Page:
Though England be butmay be little, but she is also fierce. From London, the culturally- rich compact capital that bursts with history, charm and character, to the nearby Cotswolds and its delightful tangle of chocolate box villages and honey-hued country estates, England offers almost every landscape possible. Head to the Lake District, where glistening lakes and proud mountains have long stirred the imaginations of writers such as William Wordsworth, Samuel Taylor Coleridge and Beatrix Potter. Set your sights on Scafell Pike, the highest mountain in England, and potter around the pretty lakeside towns of Windermere and Ambleside. If the sea calls, head down the Jurassic Coast in Dorset to fossil-filled beaches and sea-carved bays or carry on further to Devon and Cornwall who which boast a coastline that could easily rival those on mainland Europe. Yorkshire’s smattering of castles and country homes are not to be missed either. Road trip up to the medieval cobblestone streets of York and journey 15 miles further north to Castle Howard for an introduction to life as an 18th century earl and countess.



In Wales, it’s about one thing and one thing only – the great outdoors. Snowdonia National Park is the obvious place to start. With almost 1,000 square miles of rivers, crumbly cliffs and verdant valleys, as well as the tallest mountain in England and Wales, Snowdonia is the ultimate adventure destination. Like the rest of the UK, Wales has its fair share of castles too, like Conwy and Beaumaris, which are two of the four UNESCO World Heritage sites the country has. For When it comes to coastlines, you won’t can’t beat Pembrokeshire. Home to sweeping shores and wild dunes, you can kayak and spot local seals, dolphins and puffins that frequent nearby Skomer Island. And if you want to feel like you are not even in Wales – which we can’t imagine you will actually want to do – stop by Portmeirion. Built to replicate an Italian town, it is filled with trinket shops, perfectly manicured gardens and a castle; and is just a stone’s throw from the sea. La dolce vita with a Welsh twist is how we see it.



Edinburgh is an obvious place to start in Scotland. Draped across rocky hills, this is a city that is simultaneously down to earth and well above it thanks to its medieval Royal Mile, turreted skyline and neoclassical New Town. Edinburgh is a city that loves to celebrate too. I. So if you plan on visiting in August, you’ll be just in time for the Edinburgh Fringe, the world’s largest arts and media festival, and if you stop by over New Year’s you’ll be in for a Hogmanay like no other. With the Atlantic Oocean, fresh mountain waters and rolling hills on its doorstep too, Scottish cuisine is definitely not to be overlooked. From Aberdeen angus beef and Shetland salmon to malt whisky and gin distilleries, Scotland serves up is the ultimate smorgasbord. Visit Oban for dramatic shores and  of course, its centrally located whisky distillery or journey all the way to Stornoway in the Outer Hebrides for the best black pudding money can buy.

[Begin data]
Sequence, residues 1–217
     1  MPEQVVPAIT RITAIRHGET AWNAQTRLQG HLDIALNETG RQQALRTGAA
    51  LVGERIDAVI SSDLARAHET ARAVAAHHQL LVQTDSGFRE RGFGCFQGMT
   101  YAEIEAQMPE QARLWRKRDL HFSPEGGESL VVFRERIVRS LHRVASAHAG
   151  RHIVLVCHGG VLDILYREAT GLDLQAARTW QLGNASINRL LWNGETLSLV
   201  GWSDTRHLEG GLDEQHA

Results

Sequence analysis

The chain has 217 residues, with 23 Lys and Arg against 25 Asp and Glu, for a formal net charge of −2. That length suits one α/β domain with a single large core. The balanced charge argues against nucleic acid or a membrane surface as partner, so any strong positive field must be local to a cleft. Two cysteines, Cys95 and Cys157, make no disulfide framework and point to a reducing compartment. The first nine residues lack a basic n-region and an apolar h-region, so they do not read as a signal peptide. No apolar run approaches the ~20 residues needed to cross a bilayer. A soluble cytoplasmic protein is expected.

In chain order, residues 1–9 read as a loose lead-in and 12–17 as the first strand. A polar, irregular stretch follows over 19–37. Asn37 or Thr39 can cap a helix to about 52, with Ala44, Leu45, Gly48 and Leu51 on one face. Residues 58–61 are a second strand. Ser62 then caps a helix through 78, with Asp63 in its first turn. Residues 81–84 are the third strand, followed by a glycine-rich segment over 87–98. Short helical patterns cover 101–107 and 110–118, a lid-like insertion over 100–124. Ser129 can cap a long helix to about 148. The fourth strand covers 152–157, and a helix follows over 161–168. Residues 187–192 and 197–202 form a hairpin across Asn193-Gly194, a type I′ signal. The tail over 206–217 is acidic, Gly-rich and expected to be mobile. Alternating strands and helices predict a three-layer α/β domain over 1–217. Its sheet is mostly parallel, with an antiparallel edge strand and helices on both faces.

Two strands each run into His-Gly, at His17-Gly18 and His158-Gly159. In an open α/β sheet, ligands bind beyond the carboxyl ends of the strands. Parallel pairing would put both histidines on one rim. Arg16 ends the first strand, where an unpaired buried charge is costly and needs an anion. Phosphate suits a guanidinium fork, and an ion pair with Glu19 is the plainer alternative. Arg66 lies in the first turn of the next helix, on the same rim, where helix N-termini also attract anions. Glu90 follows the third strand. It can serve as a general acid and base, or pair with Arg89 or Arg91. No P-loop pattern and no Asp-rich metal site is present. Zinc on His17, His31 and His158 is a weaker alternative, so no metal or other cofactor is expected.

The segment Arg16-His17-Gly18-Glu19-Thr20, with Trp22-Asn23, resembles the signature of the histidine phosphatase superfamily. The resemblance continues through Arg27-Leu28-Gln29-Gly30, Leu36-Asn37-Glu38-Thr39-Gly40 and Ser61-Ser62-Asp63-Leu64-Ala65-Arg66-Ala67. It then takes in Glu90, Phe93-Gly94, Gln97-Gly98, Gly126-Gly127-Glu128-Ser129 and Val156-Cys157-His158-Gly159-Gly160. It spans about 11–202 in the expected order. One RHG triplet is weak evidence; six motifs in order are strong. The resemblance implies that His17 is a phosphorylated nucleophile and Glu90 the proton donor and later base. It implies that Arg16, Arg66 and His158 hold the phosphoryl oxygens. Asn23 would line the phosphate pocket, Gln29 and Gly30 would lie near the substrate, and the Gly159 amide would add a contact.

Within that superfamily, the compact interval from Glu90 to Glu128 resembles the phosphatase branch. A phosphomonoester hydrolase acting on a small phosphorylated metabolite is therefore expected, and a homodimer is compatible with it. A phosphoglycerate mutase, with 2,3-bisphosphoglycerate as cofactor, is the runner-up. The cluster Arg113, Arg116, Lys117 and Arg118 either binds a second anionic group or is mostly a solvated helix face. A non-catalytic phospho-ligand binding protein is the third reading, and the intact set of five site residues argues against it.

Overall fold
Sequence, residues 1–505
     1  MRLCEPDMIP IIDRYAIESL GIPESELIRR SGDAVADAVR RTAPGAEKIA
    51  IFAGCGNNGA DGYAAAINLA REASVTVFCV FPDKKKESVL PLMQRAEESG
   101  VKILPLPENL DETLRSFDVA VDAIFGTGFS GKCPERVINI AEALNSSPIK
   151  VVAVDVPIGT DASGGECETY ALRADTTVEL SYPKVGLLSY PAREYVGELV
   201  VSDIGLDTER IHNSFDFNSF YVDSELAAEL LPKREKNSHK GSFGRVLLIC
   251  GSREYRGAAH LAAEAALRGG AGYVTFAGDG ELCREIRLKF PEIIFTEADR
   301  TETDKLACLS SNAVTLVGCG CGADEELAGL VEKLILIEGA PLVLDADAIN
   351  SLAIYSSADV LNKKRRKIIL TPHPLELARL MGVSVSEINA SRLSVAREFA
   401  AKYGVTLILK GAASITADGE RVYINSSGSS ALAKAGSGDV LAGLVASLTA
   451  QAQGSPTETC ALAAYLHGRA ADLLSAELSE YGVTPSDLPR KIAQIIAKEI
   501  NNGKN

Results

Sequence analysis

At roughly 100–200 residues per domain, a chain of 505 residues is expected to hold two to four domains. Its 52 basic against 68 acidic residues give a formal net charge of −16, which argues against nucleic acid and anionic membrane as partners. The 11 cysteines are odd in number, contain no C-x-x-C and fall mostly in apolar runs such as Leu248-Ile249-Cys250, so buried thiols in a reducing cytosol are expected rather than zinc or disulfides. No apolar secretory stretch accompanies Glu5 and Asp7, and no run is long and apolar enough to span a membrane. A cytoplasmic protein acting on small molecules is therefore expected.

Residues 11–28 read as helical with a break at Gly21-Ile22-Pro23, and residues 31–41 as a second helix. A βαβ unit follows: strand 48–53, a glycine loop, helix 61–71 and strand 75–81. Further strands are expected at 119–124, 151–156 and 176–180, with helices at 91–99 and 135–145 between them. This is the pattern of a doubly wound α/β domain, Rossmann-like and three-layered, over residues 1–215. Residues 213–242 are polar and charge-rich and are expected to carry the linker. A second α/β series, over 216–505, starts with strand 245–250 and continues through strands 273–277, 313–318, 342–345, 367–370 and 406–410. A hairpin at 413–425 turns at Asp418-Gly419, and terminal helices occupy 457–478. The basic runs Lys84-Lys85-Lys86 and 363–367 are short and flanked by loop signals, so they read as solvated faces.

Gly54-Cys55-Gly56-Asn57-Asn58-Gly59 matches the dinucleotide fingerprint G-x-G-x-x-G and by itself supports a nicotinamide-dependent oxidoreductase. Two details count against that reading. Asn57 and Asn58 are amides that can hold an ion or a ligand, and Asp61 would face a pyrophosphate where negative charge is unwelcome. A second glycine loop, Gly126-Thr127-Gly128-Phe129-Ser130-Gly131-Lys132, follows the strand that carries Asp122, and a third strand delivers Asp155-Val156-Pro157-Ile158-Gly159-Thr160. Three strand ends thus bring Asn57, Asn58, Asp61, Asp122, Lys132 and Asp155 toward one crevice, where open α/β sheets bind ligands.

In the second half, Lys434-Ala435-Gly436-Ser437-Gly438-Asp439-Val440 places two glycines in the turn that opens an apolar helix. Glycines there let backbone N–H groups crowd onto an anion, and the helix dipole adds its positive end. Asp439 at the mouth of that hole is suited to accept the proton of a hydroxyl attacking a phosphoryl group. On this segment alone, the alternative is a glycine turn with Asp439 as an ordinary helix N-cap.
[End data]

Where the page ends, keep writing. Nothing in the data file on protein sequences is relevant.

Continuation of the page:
Northern Ireland

You’ll probably recognise a number of Northern Ireland’s attractions from Game of Thrones. So where better to start than the Giant’s Causeway, a mystical and magical cluster of hexagonal stone columns that jut out into the North Atlantic Ocean. The Titanic Museum also remains one of the country's top attractions. Sitting at the head of the slipway where the famous ocean liner was built, the museum charts the history and creation of the boat and grants guests the opportunity to explore every detail of the boat through multiple interactive exhibits. In Belfast, a visit to the National Trust's Crown Liquor Saloon is a must also. Presenting Victorian flamboyance at its best, it is the premier spot to enjoy a pint of Guinness – especially when the locals descend on it after work.

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